VAN SUSTEREN: Ken, what do you think it's like for the lawyers on both sides as they sit here waiting since yesterday for the Supreme Court to act?

GROSS: Oh, it's excruciating, except this is one situation where the American people actually share it. Usually, the lawyers kind of suffer in private, but here they're suffering along with everybody else as we're all anxiously awaiting the opinion. But it's a very hard -- it's a hard stretch.

VAN SUSTEREN: All right, Ken, before the show I gave you a little research project. It was a federal code, 28 USC 455. Disqualification of justice, judge or magistrate, and reads in part that a "judge or justice should disqualify when he or his spouse or person within the third degree of relationship to either of them, or the spouse is such a person is known by the judge to have an interest that can be substantially affected by the outcome of the procedure."

Does that mean that Justice Scalia, whose son is in a law firm that represents Governor Bush, should disqualify himself, even though that son gets no money from this case?

GROSS: Well, I think that there would have to be some substantial benefit accruing to a personal family member, probably in a pecuniary way.

VAN SUSTEREN: Let me give you an example.


VAN SUSTEREN: You work in a big firm. You've got some lawyers in your firm, partners who represent some big clients. Don't you get benefit or cache out of the fact that some of your partners have been in big cases?

GROSS: Well, perhaps if I had a spouse on the bench and we were -- and my partner was representing somebody, and I actually got some money benefit from that case from my spouse ruling in our firm's favor, that would be different. I don't know that we have those facts in this case. And it's usually a very personal decision whether there's a recusal. There's a lot of play in these words "substantial" and what exactly the statute means.

VAN SUSTEREN: Bill, do you think that the American people trust this bench, that they have -- they think it's good, credible, fair, and impartial?

SCHNEIDER: Well, they certainly don't think it's above politics, but they've never felt that way about the Supreme Court. When they were asked, when the Supreme Court came in to stop the Florida recount, was that mostly because of the law or were they driven by politics, people say politics. They don't think the court above about politics, but they do look to the court as a final authority simply out of need.

The court is the only institution in the position to bring closure to this debate, to this controversy, and that's what people want: closure. So they do trust the court to do its duty.

VAN SUSTEREN: And I second that -- I'd like some closure as well, but we need to go.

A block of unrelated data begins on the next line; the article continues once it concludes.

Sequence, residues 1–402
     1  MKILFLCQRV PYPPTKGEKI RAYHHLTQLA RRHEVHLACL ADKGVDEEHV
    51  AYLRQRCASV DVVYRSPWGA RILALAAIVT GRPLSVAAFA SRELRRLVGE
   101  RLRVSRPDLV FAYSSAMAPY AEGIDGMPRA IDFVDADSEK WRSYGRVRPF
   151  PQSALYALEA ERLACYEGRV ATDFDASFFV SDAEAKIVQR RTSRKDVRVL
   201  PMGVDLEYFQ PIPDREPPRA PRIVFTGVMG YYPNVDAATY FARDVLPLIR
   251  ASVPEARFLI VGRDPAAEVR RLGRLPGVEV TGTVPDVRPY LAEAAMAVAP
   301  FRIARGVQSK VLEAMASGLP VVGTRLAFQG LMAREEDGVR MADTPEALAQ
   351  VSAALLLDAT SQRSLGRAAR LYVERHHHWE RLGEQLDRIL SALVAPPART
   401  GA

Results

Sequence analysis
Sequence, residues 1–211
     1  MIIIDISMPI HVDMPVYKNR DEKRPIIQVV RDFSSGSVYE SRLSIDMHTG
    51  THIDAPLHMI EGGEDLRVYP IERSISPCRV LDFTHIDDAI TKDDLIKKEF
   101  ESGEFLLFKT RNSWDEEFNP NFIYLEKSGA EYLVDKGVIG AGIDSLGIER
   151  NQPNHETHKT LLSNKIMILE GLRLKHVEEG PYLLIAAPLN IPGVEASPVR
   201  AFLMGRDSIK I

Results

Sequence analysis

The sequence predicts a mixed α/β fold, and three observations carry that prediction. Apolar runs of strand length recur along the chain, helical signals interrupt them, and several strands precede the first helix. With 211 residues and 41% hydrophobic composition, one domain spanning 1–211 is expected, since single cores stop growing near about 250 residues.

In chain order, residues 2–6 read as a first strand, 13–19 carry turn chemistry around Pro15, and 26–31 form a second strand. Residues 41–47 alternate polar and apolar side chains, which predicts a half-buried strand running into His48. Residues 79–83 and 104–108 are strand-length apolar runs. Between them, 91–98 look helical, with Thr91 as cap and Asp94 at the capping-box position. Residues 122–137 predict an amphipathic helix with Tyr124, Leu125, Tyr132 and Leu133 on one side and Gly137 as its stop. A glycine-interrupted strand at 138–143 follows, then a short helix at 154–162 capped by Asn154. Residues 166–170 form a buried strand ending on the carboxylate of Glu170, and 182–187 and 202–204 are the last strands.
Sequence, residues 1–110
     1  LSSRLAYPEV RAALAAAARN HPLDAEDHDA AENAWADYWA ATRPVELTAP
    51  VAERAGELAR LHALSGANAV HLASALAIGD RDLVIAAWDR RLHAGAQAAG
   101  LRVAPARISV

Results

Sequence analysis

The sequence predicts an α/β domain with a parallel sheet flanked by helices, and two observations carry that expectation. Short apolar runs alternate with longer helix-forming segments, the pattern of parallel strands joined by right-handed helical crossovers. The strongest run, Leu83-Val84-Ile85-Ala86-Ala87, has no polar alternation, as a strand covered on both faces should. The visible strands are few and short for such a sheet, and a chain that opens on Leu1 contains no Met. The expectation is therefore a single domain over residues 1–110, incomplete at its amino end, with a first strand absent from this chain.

Many thanks to CNN senior political analyst Bill Schneider and CNN election law analyst Ken Gross.

Next, five weeks for the history books.


VAN SUSTEREN: Today marks five weeks since the presidential election. Who would have thought that by this point we'd still be waiting to find out who won? Then again, who would have thought we'd see a lot of things we've been witnessing in the past five weeks?

Tonight, a case study in surprises. Here's CNN's David Mattingly.


DAVID MATTINGLY, CNN CORRESPONDENT (voice-over): Down to the wire...


PROTESTERS: Bush! Bush! Bush!


MATTINGLY: ... we thought it would be close.



PROTESTERS: Fair vote!

UNIDENTIFIED FEMALE: When do we want it now?



MATTINGLY: Bush and gore neck-and-neck, but the uncommonly close race didn't begin to touch the unusual twists to follow.


PETER JENNINGS, ABC ANCHOR: There has been a change, or we're going to make a change.


MATTINGLY: It started election night. Who would have thought the networks would blow the call?


BERNARD SHAW, CNN ANCHOR: CNN right now is moving our earlier declaration of Florida back to the too-close-to-call column.


MATTINGLY: Who would've thought Vice President Gore would take back his telephone concession to Governor Bush?


WILLIAM DALEY, GORE CAMPAIGN CHAIRMAN: Just an hour or so ago, the TV networks called this race for Governor Bush. (BOOING)

It now appears -- it now appears that their call was premature




DON EVANS, BUSH CAMPAIGN CHAIRMAN: We hope and believe we have elected the next president of the United States.


They're still counting. They're still counting. And I'm confident when it's all said and done, we will prevail.


MATTINGLY: Turns out it was just one night in weeks' worth of startling, confusing...


JUDGE N. SANDERS SAULS, LEON COUNTY CIRCUIT COURT: The plaintiffs have failed to carry the requisite burden of proof...


MATTINGLY: ... even aggravating turns.

PAT BUCHANAN, REFORM PARTY PRESIDENTIAL CANDIDATE: Now, I do believe that some of my votes clearly were intended to be votes for Al Gore.

MATTINGLY: Who would have thought Pat Buchanan would do so well in Palm Beach County? Was it a case of butterflies?

And when the recounting began, who would have thought a little word like "chad" could take such a prominent place in national discussion?

JAMES BAKER, OBSERVER FOR BUSH CAMPAIGN: So they now argue that a punch-card vote should count even if there appears to be only an indentation. This, of course, is the famous dimpled chad

MATTINGLY: And who would have thought the chad could be pregnant?

UNIDENTIFIED MALE: Happy holidays.

MATTINGLY: Who would have thought the one state in question would have Bush's brother Jeb as governor? And who would have thought Jeb, not W., would be in the White House first? Yesterday, in fact, for the signing of the Everglades protection legislation. Who would have thought the nation's highest courts could move so quickly? State supreme court rulings in 24 hours, dramatic reversals, appeals, sometimes in minutes, not days or weeks like usual.


JUSTICE DAVID H. SOUTER, U.S. SUPREME COURT: That would be feasible, wouldn't it?

THEODORE OLSON, BUSH CAMPAIGN ATTORNEY: I think it would be feasible. Now, counsel for the secretary of state will be up in a moment.


MATTINGLY: And who would have thought we'd actually get to hear the U.S. Supreme Court in action?